Thursday, 24 November 2011
Sideways (2004) dir. Alexander Payne
Starring: Paul Giamatti, Thomas Haden Church, Virginia Madsen, Sandra Oh
By Alan Bacchus
Sideways was a great success story. The modest comedy without any particular marketable hook other than great characters turned critics’ heads around in 2004 and garnered a well-deserved Best Adapted Screenplay Oscar as well as nominations in most of the major categories.
With years of hindsight, the film ages well and packs as much of an emotional punch as it did back then. At its heart it's a unique male buddy film – the term du jour would be a ‘bromantic comedy’. It follows two guys bonding on a week-long road trip in Napa Valley. Miles (Paul Giamatti) is a 40-something divorcee and struggling author. He has arranged a relaxing week of wine-tasting with his buddy Jack (Thomas Haden Church), who’s about to get married. Jack's agenda is for him and Miles to get laid – specifically Miles, whom he's desperate to see break out of his two-year long post-divorce depression.
Jack, as wingman, brokers a four-way date with a pair of attractive middle-agers and fellow wine connoisseurs, Maya and Stephanie (Virginia Madsen and Sandra Oh). While Stephanie's and Jack’s libidos explode immediately, Miles’ courtship of Maya is carefully and slowly revealing his neurotic fears and painful regrets. But Jack’s heinous lies burden both relationships resulting in even more painful heartbreak.
Characters rule in Sideways, and each actor inhabits his or her skin with complete honesty. In some way or another we can all relate to their situations. For Miles, his internal pain is a lifelong pattern of failure – career failure and relationship failure. In addition to complete self-absorption, in order to replace his emptiness Miles obsesses about everything to do with wine. Jack, as the womanizing pick-up artist, is both the angel and the devil on his shoulder. While his philandering behaviour is completely reprehensible, his devotion to his best mate is admirable. It’s a classic male relationship, which Payne characterizes with perfection.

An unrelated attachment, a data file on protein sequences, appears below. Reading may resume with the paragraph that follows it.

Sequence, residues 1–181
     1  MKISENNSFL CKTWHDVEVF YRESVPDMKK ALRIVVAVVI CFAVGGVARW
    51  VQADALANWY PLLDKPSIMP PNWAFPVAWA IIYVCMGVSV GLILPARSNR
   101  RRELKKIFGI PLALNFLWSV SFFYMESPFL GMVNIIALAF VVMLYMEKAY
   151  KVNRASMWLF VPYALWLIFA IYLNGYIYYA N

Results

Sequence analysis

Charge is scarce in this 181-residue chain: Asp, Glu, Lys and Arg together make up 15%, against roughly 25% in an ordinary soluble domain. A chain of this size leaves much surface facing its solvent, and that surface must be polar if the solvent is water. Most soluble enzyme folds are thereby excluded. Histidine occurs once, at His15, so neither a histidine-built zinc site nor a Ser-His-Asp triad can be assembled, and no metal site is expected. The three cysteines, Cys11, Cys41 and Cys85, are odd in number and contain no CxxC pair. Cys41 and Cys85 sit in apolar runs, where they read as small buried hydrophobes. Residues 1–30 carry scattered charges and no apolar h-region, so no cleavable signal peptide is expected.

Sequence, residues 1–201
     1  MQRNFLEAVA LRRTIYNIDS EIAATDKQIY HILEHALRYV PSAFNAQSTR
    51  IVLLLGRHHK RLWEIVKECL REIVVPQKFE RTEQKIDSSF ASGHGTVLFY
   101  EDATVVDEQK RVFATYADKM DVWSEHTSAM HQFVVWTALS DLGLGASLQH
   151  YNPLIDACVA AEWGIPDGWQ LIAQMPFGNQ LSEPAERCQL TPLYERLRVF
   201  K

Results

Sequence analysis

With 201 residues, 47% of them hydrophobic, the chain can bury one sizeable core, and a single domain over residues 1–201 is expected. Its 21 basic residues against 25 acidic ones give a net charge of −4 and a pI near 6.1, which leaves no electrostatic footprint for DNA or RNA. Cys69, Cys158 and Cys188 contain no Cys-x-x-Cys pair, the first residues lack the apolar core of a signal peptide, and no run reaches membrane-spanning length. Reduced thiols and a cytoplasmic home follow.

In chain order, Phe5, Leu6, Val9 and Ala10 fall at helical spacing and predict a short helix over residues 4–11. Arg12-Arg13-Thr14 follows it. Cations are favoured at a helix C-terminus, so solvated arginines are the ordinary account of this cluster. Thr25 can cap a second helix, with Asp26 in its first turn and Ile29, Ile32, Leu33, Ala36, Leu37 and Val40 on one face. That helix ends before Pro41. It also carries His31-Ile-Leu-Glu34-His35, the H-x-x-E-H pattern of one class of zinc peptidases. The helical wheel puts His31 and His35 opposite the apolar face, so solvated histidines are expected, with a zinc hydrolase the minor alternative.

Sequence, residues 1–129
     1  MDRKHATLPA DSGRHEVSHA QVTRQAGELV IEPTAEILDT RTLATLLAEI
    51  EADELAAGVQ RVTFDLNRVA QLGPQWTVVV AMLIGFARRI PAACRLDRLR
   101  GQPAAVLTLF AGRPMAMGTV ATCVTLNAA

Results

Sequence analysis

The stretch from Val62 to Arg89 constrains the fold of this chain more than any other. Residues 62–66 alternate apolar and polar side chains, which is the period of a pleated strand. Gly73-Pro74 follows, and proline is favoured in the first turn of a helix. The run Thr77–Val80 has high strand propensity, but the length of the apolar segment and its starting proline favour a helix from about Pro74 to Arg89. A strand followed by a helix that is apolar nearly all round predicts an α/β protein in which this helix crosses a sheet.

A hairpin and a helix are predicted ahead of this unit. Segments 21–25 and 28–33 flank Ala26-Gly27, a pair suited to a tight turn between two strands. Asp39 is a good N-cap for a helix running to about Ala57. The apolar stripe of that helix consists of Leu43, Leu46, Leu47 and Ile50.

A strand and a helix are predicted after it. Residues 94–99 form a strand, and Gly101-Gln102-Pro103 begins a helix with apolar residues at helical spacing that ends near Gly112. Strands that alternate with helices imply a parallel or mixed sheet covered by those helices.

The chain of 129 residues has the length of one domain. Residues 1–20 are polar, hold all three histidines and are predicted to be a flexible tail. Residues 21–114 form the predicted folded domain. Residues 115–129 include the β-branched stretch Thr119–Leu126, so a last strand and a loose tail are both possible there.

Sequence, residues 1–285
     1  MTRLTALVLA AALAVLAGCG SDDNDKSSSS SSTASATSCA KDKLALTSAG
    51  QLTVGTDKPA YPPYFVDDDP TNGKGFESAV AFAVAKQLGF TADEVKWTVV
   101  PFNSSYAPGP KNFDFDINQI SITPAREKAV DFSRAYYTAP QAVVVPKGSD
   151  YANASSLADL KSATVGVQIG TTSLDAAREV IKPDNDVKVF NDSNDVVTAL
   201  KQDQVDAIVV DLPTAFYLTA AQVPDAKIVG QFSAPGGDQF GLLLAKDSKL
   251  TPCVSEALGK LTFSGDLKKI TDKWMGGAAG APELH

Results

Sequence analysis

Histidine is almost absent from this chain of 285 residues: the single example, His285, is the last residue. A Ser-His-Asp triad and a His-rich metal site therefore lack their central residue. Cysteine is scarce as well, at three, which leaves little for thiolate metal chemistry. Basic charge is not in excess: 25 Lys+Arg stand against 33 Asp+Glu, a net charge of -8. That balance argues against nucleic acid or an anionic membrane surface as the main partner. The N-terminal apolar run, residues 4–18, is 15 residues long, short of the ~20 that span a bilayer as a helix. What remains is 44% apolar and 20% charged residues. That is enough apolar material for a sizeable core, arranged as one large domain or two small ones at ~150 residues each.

Payne has remarkable control of his tone, moving fluidly between sombre reflections on life to absurd comedy and all shades of grey in between. Aiding this is his modest camera work, unstylish and unassuming but hardly rudimentary. Perfect framing and camera placement, as well as subtle camera moves emphasize all the poignant and comic moments with pinpoint accuracy. Rolfe Kent’s music is equally unflashy but so important to Payne’s tone, a gentle mix of quirky and melancholy.
Based on the four films from Payne and co-writer Jim Taylor, they could be argued as one of the great writing duos in film comedy. With Citizen Ruth, Election, About Schmidt and Sideways (as well as a marvellous segment in Paris Je T’Aime), this eight-year examination of ordinary middle class America and the variations of character neuroses reminds us of Woody Allen’s remarkable output from the late '70s to the late '80s.
Sideways is available on Blu-ray from 20th Century Fox Home Entertainment.